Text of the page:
The cast of Side Show Credit: Anthony Robert La Penna

It’s songwriter Henry Krieger’s time at Porchlight Music Theatre. The musical-theater composer’s Dreamgirls, a 1981 Broadway hit, is the final show in Porchlight’s 2015-’16 schedule next spring, while his Side Show—a two-time Broadway flop—is the company’s current season opener. Interestingly, both shows examine the loving but conflict-filled relationships between young women who share big dreams of romantic fulfillment and showbiz success. In Dreamgirls, with a libretto by the late Tom Eyen, 1960s soul singers Deena and Effie compete for the same man (their unscrupulous manager) but finally realize that their own bond is more real and durable. Side Show, with book and lyrics by Bill Russell, concerns real-life conjoined twins Daisy and Violet Hilton. Born in 1908 in Brighton, England, the Hiltons were joined at the hip, sharing blood circulation though no major organs. Initially presented as sideshow curiosities, the sisters eventually appeared in vaudeville, burlesque, and even motion pictures. Their fascinating story (including multiple love affairs and marriages) is recounted in Dean Jensen’s 2006 book The Lives and Loves of Daisy and Violet Hilton.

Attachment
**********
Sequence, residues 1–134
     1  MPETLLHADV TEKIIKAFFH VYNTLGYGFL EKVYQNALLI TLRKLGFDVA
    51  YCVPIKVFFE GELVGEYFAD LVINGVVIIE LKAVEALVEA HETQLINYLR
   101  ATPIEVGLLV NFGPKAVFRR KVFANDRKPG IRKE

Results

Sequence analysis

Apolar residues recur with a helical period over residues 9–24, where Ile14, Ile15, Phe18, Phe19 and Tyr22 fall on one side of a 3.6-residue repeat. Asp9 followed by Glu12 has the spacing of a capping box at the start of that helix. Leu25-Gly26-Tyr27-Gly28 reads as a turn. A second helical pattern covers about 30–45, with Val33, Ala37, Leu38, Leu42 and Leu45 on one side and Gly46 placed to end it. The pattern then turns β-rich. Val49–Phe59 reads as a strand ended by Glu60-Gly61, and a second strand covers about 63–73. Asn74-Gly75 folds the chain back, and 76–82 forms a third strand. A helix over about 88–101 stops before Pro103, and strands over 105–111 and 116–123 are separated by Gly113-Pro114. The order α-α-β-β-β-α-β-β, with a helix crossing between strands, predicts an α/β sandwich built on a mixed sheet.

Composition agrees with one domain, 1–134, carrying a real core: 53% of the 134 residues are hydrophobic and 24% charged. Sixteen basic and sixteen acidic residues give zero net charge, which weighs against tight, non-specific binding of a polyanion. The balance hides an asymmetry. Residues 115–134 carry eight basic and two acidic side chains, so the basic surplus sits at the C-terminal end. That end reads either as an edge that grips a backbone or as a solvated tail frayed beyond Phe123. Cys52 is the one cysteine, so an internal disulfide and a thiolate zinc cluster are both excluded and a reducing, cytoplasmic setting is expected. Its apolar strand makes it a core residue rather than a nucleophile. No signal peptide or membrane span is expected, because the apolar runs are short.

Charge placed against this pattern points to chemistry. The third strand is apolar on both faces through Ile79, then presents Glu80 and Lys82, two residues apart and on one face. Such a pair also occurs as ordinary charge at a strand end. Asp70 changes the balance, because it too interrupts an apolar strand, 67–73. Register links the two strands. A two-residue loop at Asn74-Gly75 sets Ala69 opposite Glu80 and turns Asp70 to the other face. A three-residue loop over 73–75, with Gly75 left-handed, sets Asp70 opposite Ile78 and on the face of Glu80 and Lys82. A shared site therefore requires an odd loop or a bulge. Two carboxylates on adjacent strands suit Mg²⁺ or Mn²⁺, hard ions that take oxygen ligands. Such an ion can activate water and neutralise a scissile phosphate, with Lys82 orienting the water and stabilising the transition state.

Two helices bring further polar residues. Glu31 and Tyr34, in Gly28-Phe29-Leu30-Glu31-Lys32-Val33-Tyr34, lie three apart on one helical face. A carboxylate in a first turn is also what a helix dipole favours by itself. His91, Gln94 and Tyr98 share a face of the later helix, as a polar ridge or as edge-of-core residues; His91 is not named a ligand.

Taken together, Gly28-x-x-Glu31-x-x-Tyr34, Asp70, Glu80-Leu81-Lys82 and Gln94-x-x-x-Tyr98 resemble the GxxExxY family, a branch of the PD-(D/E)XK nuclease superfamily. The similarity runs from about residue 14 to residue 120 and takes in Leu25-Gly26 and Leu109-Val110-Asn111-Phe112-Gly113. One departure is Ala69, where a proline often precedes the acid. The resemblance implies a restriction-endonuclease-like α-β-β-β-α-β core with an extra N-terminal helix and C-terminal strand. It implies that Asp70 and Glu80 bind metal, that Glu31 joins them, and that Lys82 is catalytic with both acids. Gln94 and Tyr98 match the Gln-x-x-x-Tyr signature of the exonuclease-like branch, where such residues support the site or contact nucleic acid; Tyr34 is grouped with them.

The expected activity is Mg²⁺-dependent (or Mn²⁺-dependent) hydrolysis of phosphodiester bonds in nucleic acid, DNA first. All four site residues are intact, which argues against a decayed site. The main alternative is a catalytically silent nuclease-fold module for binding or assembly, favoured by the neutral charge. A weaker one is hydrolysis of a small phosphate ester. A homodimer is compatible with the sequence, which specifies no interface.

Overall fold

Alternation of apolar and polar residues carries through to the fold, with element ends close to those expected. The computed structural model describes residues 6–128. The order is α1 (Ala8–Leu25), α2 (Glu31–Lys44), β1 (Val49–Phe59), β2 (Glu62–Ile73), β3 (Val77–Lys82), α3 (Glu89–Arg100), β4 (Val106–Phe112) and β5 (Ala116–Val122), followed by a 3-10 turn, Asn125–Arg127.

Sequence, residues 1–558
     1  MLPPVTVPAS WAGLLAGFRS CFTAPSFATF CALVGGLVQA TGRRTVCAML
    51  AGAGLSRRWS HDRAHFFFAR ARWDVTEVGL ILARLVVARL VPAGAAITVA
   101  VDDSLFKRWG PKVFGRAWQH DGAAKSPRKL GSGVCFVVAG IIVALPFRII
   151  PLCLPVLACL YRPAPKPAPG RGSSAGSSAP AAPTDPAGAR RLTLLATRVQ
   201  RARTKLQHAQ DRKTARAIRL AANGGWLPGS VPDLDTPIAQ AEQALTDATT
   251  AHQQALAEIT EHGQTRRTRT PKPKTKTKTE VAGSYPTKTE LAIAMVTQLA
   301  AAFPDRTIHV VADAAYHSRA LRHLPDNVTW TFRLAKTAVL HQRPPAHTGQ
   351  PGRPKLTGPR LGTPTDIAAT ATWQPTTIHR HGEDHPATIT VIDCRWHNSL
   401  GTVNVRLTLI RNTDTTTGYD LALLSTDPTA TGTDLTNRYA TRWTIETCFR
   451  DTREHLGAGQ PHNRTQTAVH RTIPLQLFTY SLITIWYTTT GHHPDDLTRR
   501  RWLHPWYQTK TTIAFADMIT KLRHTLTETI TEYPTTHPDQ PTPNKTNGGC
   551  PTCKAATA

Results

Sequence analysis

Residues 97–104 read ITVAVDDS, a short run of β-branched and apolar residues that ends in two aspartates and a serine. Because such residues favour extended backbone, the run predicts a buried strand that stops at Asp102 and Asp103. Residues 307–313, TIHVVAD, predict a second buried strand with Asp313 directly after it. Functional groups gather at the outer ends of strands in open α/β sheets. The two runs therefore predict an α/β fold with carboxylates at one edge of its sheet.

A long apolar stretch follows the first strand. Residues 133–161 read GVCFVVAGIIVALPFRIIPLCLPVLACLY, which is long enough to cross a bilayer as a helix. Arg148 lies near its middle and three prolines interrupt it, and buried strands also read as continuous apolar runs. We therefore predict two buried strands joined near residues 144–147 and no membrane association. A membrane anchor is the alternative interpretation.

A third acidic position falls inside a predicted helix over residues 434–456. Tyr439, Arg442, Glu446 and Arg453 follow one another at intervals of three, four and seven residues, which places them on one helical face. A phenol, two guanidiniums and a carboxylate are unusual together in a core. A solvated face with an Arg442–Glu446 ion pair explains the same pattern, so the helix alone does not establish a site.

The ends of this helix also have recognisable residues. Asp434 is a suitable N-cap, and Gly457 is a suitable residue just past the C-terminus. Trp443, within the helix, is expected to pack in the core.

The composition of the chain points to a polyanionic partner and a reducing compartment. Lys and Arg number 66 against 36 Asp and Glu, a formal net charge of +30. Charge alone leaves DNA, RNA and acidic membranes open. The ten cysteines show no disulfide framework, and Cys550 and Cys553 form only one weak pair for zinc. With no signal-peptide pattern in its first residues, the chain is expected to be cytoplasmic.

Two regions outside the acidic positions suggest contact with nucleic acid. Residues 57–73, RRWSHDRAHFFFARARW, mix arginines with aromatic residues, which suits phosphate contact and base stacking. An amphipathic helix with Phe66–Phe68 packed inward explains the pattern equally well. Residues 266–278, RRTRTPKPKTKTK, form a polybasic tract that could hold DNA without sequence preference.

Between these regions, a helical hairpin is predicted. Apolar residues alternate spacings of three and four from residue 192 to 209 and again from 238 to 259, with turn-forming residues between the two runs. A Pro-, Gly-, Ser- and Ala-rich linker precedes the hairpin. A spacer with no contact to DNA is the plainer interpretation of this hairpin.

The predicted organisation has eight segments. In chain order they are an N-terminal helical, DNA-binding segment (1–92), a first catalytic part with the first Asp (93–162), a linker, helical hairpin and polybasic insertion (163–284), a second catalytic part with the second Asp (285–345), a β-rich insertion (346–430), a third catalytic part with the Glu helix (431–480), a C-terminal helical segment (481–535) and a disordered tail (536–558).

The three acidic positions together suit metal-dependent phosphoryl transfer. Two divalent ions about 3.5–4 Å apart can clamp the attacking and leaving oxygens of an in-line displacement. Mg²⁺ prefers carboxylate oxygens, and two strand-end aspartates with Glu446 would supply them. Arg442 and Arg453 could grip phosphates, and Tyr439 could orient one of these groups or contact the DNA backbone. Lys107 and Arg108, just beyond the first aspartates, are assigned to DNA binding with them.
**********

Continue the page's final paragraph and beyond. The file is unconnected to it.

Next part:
In Russell’s sentimentalized, highly fictionalized narrative, Daisy (Colleen Fee) falls in love with the sisters’ shifty booking agent (Matthew Keffer) and Violet (Britt-Marie Sivertsen) with their choreographer (Devin DeSantis), whose secret homosexuality isn’t revealed until act two—one of a surfeit of plot twists that take the place of psychological exploration. The show ends with the Hiltons embracing their uniqueness rather than trying to come off as “typical girls next door” by starring in filmmaker Tod (Dracula) Browning’s 1932 Freaks, but this resolution is highly misleading. The Hiltons only had small roles in the macabre and controversial movie, which was a failure in its original release; not until the 1960s, when vintage horror films began reaching a new audience via TV and Famous Monsters of Filmland magazine, did it begin to earn its deserved status as a cult classic.

A commercial failure on Broadway in 1997, Side Show was heavily revised in 2012 under the guidance of director Bill Condon, who helmed the triumphant 2006 screen version of Krieger’s Dreamgirls. Fleshed out with new songs and additional characters—including the Hiltons’ real-life fellow vaudevillian, escape artist Harry Houdini—the show played on Broadway in 2014, but could only sustain a short run. Porchlight’s current staging—directed by Michael Weber, with musical direction by Aaron Benham and choreography by Andrew Waters—is the first post-Broadway production of the new version. It’s a solid piece of work, with strong performances, an atmospheric set (by Megan Truscott), and some inventive lighting design (by Greg Freeman) and visual projections (by Ross Hoppe) of archival photos and film clips.

But nothing in the sentimental, pop-inflected score—with its predictable melodic riffs and often banal rhymes—approaches the best material in Krieger’s Dreamgirls. This complex tale deserves a better spin than Russell and Krieger’s pedestrian meditation on the cliche that everyone yearns for someone to “love me as I am”—flaws, oddities, and all.  v